Microsoft is decidedly unphased by the announcement of the Chrome operating system, with chief executive Steve Ballmer claiming that Google is making a big mistake.

In comments made at Microsoft's Worldwide Partner Conference – and recorded by CNet – Ballmer claimed to be confused as to “what the problem is over [at Google],” accusing the company of making the same mistake Microsoft made back in the early days of 32-bit Windows.

Claiming that Chrome and Android represented business and consumer operating system respectively Ballmer derided Google's plans, stating that “the last time I checked you don't need two client operating systems.

This is something that Microsoft has a certain amount of experience in: when first making the move to a 32-bit operating system, Microsoft had two separate business units: one developed the commercially-oriented Windows NT operating system; the other, the consumer-targeted Windows 95. Now, both the home and server editions of Windows share a common codebase – something which makes maintaining and improving the operating system much less of a headache.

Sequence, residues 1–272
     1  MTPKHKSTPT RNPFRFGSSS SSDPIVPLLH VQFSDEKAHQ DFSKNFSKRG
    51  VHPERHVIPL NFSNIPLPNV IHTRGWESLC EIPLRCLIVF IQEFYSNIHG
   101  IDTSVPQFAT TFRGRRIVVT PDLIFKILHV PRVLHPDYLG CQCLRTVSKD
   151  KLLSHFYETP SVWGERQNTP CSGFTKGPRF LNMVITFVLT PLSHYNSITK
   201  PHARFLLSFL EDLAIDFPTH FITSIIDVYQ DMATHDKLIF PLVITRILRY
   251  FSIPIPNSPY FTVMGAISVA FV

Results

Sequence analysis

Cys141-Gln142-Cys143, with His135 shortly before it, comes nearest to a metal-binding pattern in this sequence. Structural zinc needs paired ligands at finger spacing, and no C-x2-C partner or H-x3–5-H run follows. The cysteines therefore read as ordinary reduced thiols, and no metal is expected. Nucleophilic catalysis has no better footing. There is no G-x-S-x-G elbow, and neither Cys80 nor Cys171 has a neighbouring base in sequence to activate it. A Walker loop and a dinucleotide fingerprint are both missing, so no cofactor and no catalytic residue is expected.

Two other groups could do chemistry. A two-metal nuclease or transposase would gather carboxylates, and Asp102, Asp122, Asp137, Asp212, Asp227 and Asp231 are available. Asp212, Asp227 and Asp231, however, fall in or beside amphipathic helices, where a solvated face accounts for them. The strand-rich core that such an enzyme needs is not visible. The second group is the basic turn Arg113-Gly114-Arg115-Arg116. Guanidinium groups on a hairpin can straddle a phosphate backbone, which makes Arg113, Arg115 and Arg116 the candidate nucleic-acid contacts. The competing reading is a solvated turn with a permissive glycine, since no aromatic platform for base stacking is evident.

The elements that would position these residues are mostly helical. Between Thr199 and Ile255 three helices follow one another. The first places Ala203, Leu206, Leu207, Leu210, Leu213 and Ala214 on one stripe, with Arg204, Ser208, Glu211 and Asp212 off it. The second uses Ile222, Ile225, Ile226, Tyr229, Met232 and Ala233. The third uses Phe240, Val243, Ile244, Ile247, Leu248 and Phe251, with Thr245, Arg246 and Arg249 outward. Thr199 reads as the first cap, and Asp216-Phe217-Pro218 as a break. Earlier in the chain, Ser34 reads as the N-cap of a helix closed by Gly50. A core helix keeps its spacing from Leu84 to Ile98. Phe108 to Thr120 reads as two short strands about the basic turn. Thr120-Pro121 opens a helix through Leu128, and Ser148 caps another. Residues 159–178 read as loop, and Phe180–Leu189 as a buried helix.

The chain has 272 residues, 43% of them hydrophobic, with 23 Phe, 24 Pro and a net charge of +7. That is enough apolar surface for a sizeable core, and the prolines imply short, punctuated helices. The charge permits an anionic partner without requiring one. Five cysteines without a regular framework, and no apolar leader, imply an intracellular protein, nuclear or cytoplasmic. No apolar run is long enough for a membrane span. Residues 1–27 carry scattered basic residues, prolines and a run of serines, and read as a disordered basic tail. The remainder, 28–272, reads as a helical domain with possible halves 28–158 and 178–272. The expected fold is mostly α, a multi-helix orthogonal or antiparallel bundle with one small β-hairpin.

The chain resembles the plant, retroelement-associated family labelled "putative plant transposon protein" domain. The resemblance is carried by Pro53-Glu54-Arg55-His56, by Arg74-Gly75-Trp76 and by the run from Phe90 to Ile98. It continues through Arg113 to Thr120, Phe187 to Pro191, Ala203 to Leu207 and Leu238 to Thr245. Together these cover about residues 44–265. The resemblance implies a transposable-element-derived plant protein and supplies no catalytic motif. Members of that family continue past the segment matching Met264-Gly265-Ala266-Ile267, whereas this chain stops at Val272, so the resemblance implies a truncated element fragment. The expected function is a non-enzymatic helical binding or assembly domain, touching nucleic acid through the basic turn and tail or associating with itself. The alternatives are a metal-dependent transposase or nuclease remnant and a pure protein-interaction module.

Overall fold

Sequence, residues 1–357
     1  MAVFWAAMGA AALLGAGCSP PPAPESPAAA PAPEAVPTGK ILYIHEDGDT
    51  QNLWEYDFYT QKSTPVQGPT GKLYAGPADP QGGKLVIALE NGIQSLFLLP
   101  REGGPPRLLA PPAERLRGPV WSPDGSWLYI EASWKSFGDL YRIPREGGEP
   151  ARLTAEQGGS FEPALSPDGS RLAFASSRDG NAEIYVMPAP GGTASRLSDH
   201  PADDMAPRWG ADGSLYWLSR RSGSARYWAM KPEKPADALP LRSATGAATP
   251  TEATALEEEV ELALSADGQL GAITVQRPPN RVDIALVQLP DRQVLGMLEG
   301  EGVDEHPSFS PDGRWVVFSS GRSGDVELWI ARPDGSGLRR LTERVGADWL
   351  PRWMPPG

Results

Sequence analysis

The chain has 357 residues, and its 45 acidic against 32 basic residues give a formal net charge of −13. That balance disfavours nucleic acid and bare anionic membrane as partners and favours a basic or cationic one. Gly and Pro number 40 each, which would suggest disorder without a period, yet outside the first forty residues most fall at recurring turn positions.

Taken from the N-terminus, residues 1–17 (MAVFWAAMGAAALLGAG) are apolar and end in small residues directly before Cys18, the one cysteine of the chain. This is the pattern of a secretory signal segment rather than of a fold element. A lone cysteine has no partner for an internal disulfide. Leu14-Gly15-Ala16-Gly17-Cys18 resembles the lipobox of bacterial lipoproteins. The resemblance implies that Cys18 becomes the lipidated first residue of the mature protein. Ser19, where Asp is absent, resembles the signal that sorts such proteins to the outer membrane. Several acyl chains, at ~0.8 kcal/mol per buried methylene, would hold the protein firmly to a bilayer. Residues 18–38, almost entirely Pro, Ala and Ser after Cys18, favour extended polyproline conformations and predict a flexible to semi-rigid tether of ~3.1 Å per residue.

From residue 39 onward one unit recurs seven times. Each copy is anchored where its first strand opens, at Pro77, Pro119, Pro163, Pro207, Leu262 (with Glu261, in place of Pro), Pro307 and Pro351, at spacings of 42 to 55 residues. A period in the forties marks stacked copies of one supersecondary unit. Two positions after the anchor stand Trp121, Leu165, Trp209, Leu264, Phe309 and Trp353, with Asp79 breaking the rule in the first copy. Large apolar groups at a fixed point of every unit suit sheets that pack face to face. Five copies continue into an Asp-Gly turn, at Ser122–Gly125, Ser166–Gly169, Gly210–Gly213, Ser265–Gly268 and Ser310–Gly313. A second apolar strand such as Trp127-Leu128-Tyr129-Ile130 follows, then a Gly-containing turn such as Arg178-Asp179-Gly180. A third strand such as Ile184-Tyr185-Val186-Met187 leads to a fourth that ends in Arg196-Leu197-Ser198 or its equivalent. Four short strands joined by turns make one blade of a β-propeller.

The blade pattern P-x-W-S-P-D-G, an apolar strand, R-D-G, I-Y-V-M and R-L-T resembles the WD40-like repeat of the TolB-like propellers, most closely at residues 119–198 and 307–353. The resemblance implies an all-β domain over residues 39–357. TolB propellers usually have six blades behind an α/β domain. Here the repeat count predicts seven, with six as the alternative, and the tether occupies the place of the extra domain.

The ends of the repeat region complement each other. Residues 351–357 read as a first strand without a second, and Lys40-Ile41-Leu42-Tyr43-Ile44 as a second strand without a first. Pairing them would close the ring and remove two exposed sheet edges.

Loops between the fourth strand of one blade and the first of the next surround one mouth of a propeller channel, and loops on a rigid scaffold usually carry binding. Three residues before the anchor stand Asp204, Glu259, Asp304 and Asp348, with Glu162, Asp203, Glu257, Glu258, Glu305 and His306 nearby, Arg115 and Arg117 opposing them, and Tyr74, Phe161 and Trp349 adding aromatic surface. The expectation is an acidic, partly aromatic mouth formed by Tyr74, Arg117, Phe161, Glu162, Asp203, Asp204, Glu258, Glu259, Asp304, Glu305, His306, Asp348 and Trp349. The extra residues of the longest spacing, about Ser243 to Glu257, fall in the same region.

While Ballmer has a point, it can be argued that Google's two operating systems are more like Windows Vista and Windows Mobile than NT and 95: despite various companies shoe-horning Android onto netbooks, it's an operating system that will always be more at home on small, low power devices like PDAs and smartphones; Chrome, by comparison, is a fully-fledged operating system more able to make use of the capabilities of a powerful PC.

One thing is for sure: Microsoft will be keeping a close eye on both Android and Chrome, with Ballmer describing Google's OS plans as “highly interesting [although] it won't happen for a year and a half.

Does Microsoft has cause to worry, or is Google's Chrome likely to be all polish and no substance? Share your thoughts over in the forums.
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